Of the 10 million pets that get lost each year, only 17% of the dogs and 2% of the cats are ever recovered.
“But Fluffy is an indoor kitty,” you may be thinking. “She doesn’t need an ID tag.”
Think again.
A study conducted by Linda Lord, DVM, PhD, an assistant professor at The Ohio State University, found that 41% of people looking for their lost cats considered them indoor-only pets.
“They may not go outside, but it only takes one time to lose a pet,” warns Daniel Aja, DVM, of AAHA-accredited Cherry Bend Animal Hospital in Traverse City, Michigan. “You might have cleaners over, workers who are remodeling, or kids who leave the door open. And indoor pets are probably the most at risk because once they get outside, they’ll get scared and run and hide.
“Also, you never know when a natural disaster might strike. Think about the thousands of animals that were displaced by Hurricane Katrina or by the flooding we’re experiencing most recently in the Midwest.”
That’s why Aja recommends every dog or cat be microchipped. The chips are implanted by veterinarians and cost between $30 and $70.
“It’s a simple procedure that only takes a few seconds,” he explains. “It’s similar to a vaccination, except we insert a chip the size of a grain of rice under the pet’s skin. There’s no need for anesthesia. Your pet may make a little yelp, but it’s just like getting another shot.”
In almost every case, microchips are good for the life of your dog or cat. Millions of animals have been chipped in the past decade with very few side effects. The sterile microchip does not contain a battery and is hermetically sealed with FDA-approved silica glass to prevent leakage.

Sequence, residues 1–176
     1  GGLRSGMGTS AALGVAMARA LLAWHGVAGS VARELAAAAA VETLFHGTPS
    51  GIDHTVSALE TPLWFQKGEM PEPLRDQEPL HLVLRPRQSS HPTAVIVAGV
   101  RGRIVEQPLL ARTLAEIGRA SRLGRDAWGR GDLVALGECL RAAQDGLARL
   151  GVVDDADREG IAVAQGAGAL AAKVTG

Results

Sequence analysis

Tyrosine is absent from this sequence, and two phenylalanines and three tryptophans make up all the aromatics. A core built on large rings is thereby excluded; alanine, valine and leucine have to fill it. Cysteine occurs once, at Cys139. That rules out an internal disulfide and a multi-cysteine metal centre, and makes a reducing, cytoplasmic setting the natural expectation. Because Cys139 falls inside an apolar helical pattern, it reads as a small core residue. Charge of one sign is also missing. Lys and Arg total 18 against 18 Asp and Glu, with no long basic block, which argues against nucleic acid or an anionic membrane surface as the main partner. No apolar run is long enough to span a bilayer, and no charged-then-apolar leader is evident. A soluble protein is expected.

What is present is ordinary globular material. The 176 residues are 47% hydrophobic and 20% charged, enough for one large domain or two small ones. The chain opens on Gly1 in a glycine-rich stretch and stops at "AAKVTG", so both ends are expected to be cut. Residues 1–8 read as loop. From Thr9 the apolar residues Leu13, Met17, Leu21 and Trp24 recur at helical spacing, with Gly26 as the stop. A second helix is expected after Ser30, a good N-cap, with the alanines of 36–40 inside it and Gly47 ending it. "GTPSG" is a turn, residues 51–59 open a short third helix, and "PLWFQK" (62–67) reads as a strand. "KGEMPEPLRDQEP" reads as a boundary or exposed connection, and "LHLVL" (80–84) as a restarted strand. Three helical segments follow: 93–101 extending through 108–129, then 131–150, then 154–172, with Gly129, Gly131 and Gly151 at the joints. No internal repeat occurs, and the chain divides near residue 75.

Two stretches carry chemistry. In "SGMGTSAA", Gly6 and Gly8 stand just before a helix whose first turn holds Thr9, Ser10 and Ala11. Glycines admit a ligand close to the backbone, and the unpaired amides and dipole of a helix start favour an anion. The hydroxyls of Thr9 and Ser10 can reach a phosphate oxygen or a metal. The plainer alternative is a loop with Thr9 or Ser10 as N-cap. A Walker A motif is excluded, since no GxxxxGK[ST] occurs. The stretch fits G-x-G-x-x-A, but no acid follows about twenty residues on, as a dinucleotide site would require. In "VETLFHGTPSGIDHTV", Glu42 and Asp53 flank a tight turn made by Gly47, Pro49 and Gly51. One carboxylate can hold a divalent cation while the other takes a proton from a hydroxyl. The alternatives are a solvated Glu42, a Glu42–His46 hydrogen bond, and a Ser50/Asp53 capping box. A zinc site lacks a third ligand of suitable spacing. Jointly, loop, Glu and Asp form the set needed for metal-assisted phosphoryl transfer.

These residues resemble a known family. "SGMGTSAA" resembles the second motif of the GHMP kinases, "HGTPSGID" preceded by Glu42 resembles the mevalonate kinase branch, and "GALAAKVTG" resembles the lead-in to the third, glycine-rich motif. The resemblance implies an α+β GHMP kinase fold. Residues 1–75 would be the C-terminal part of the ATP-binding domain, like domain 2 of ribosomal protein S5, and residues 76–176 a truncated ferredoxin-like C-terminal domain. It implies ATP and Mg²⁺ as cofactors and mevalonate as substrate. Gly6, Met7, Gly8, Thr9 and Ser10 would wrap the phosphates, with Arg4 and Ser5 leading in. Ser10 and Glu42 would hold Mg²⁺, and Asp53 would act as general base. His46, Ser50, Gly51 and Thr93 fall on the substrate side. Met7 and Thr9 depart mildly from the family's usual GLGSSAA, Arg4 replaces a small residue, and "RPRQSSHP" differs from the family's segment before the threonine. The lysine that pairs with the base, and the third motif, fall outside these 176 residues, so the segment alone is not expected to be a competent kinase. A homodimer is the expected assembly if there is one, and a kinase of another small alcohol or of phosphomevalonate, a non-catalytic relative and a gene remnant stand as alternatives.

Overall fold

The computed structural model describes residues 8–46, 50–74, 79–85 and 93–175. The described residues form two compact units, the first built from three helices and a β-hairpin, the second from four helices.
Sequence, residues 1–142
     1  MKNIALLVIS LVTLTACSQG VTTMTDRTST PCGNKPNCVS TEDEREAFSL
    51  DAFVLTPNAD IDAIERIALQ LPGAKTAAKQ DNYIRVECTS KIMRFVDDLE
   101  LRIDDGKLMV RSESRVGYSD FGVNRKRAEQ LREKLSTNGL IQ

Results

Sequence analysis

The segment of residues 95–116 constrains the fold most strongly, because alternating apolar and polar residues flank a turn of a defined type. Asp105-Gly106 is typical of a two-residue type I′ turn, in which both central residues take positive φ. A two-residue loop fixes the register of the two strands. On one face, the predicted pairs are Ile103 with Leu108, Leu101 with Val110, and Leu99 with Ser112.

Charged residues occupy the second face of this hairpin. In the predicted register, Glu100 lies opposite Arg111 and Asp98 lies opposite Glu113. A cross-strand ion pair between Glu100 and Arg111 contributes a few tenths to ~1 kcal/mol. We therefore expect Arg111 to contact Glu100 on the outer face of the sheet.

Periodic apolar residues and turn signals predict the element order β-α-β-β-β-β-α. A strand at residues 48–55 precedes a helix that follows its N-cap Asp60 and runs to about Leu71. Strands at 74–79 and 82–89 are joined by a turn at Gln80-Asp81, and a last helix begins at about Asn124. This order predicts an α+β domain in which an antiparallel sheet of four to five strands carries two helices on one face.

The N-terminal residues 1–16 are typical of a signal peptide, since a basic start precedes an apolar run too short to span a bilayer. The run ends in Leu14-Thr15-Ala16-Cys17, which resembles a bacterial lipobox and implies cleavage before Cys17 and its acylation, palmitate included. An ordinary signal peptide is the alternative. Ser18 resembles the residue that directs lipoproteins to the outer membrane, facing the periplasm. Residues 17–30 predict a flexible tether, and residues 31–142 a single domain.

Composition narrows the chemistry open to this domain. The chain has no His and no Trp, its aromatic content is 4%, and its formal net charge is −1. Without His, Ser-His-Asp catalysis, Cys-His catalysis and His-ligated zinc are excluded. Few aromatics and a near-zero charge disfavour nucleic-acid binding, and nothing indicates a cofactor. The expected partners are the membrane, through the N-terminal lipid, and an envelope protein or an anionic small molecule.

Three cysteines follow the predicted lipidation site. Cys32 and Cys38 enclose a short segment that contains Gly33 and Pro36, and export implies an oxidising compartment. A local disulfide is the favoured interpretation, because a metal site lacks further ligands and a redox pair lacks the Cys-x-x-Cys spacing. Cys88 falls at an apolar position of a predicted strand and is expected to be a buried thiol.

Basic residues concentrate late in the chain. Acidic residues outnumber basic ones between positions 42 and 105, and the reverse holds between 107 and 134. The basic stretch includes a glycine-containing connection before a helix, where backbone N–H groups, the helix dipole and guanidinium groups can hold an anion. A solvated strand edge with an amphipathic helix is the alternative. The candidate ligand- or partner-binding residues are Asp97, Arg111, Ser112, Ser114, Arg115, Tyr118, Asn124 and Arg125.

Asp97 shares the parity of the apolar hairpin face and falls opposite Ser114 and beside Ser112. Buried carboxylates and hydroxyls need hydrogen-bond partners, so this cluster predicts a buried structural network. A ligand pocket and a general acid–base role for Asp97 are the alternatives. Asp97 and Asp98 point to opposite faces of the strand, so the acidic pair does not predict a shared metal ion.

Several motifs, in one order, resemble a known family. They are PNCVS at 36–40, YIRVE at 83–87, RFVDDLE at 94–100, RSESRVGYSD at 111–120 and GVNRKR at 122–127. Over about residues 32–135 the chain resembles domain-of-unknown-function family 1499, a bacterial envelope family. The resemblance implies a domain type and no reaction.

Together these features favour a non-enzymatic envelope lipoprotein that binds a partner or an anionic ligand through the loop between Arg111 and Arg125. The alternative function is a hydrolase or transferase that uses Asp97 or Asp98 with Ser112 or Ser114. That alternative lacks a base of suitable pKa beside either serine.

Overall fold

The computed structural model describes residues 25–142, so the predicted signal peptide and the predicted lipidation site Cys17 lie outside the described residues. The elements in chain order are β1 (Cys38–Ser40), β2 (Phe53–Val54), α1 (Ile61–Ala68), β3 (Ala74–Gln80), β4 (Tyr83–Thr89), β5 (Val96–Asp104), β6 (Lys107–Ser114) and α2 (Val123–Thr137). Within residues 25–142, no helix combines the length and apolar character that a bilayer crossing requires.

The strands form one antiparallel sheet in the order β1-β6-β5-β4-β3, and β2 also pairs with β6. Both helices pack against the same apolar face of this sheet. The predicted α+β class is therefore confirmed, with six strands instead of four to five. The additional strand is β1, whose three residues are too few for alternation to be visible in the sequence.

“If your pet ever gets lost and is picked up by a good Samaritan or an animal control agency, it can be scanned at an animal shelter or veterinary clinic,” says Stephen Barabas, DVM, senior manager of veterinary affairs at Schering-Plough HomeAgain, one of five companies that distributes microchips within the United States.
“If a microchip is under the skin, the scanner will display its unique identification code. Then the clinic or shelter will simply contact the manufacturer or distribution company based on the code of the microchip. The company’s database is searched for the animal’s ID number and the pet owner is contacted.”
Some microchip companies provide additional services such as alerting local veterinary clinics and animal shelters when a pet is reported lost. Barabas says that more than 500,000 pets have been recovered by HomeAgain, more than 95,000 in 2007 alone.
Because the owner’s contact information is stored in the database, rather than on the chip itself, the chip does not need to be replaced each time the owner moves, or if the pet is adopted by someone else.
Unfortunately, some pet owners — as many as 50% — fail to enter their information into the database when the pet is microchipped, rendering the chip useless.
“Don’t assume your veterinarian has done this for you,” says Aja. “Some pet hospitals may fill out this paperwork, but many do not. Also, be sure you notify your microchip company whenever you move or change phone numbers or they won’t be able to track you down.”
He adds, “[A microchip] doesn’t replace the need for a collar tag. In fact, many of these animals are reunited because their collars tell the finder that the pet has been microchipped. That triggers the finder to take the pet to a shelter or veterinarian to have it scanned. That’s why almost all the microchip companies now provide tags for your pet. It really helps speed the process.”
Finally, a microchip is not a global positioning system.
“I had a client come to our office this week who wanted me to tell him where his dog was,” Aja says. “He thought I could check my computer and provide the exact location. Some day we may be able to do that. But, today’s chips are not powered. It’s a radio frequency that’s triggered when you run the scanner over the top of them.”
From Petsmatter, AAHA

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